It would affect more than 12 million people claiming state pensions and take effect from April 2022 – but it will likely only be a temporary change.
This decision could prove politically heavy for the government. The triple pension lockdown has been defended by three Tory prime ministers: David Cameron, Theresa May and now Mr Johnson.
It was a promise from the Tory manifesto in the December 2019 general election that won Mr Johnson a landslide victory.
“On entering government in 2010, the Tories acted decisively to protect British pensioners,” part of the manifesto said.
“The ‘triple lockdown’ that we have introduced means that those who have worked hard and invested for decades can be sure that the state will be there to support them when they need it. We will keep the triple locking.
Government ministers should argue that they are not abandoning the triple lockdown but responding to the “anomaly” of the recent surge in average incomes as the economy emerges from lockdown.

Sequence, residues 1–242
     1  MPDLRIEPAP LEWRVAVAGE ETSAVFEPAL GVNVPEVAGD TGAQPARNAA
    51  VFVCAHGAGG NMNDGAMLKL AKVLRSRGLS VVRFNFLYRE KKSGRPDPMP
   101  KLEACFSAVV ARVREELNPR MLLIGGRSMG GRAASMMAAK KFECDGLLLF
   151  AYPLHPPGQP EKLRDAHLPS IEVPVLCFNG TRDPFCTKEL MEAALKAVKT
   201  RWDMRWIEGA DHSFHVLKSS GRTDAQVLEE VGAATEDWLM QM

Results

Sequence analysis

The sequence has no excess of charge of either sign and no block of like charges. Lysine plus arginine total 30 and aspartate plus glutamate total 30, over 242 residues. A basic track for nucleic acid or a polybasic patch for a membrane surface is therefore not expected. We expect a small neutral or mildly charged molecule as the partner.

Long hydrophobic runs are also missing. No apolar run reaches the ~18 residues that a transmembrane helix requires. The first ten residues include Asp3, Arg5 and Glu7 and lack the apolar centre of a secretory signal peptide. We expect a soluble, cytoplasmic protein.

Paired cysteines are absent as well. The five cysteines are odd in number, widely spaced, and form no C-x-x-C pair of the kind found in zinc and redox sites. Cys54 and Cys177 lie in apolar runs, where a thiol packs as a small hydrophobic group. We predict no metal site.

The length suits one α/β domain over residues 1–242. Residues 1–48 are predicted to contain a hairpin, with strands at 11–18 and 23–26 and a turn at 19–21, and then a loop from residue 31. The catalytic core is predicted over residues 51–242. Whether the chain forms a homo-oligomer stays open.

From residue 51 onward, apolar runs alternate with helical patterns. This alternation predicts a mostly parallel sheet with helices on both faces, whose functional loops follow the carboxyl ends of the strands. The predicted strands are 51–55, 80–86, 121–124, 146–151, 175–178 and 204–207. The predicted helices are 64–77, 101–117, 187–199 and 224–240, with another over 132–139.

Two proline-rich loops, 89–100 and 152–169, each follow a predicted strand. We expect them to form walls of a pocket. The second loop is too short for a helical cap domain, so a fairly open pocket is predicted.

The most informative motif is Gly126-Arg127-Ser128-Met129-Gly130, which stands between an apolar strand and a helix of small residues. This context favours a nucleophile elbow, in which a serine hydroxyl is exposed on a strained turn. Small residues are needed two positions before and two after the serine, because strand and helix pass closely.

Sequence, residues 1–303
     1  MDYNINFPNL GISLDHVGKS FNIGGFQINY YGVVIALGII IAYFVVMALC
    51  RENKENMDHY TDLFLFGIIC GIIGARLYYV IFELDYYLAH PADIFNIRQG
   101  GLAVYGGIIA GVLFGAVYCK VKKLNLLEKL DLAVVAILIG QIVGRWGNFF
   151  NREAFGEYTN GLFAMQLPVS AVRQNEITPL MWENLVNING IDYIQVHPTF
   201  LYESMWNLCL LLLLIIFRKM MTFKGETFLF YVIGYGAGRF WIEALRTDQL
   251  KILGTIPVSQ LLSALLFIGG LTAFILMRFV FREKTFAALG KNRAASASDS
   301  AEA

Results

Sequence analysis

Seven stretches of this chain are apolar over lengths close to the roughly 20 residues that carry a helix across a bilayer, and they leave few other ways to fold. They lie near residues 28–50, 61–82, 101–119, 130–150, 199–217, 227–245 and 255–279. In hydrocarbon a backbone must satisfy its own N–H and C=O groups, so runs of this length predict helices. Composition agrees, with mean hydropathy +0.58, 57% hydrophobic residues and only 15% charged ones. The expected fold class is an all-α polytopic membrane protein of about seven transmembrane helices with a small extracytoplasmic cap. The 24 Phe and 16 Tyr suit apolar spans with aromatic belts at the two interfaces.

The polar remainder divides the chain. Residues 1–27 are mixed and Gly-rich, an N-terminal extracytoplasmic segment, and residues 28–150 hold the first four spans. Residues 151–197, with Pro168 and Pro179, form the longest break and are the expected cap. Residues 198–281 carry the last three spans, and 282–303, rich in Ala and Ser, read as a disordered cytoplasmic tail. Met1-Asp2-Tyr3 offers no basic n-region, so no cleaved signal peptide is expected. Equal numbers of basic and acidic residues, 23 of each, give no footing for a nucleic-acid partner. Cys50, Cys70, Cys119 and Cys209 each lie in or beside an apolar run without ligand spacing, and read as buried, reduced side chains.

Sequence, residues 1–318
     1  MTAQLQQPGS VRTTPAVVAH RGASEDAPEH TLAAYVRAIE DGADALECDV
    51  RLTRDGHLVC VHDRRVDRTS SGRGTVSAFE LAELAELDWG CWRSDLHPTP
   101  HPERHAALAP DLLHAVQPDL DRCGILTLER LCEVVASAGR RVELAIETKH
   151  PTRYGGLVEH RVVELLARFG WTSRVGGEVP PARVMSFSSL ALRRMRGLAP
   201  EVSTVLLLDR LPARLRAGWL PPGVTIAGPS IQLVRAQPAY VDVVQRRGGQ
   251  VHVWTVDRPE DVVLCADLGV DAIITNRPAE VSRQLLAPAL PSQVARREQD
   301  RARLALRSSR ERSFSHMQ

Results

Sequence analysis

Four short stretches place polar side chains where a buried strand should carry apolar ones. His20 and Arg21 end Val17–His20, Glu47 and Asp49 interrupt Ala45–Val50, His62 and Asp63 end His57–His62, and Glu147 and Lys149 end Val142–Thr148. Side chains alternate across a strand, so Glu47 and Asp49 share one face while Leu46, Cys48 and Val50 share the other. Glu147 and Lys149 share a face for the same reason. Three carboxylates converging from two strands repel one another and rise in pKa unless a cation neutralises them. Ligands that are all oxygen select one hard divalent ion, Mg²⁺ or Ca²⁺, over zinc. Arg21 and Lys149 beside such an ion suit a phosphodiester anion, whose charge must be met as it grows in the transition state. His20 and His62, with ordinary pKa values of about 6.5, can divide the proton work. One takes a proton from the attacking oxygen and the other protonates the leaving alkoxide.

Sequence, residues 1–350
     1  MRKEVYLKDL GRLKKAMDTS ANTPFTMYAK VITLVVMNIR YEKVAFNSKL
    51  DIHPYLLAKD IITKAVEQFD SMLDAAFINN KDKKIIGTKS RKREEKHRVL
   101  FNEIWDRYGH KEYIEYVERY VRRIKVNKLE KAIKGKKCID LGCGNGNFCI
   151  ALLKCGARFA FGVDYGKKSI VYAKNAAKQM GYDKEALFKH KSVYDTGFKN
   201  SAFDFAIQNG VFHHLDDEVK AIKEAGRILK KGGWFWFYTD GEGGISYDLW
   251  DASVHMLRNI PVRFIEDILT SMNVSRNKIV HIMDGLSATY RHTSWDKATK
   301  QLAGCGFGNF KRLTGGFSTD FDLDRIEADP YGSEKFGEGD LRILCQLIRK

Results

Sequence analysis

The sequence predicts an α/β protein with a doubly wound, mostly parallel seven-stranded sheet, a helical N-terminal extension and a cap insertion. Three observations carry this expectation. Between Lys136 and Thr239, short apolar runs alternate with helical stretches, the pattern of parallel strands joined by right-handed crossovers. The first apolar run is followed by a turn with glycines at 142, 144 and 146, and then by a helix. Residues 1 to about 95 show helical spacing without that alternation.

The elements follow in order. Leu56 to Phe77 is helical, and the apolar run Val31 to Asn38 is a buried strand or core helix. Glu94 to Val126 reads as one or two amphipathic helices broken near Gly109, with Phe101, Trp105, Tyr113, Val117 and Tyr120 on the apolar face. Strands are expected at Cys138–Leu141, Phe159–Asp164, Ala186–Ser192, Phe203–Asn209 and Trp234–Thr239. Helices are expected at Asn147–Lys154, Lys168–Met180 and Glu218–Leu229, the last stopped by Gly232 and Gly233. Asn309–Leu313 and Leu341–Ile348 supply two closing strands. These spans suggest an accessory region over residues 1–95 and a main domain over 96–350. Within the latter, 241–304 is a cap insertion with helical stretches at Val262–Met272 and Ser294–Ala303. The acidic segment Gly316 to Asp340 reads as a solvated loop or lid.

The sharp increase in average incomes has been attributed, in part, to the fact that a disproportionate number of low-income jobs were lost during the pandemic.
Figures close to the government told The Telegraph that a “fairness” argument would be made to justify the changes to the triple lockdown provisions.
Ministers are expected to note that it would not be fair to give people receiving state pensions a seven percent increase after a year of workers on leave and high unemployment.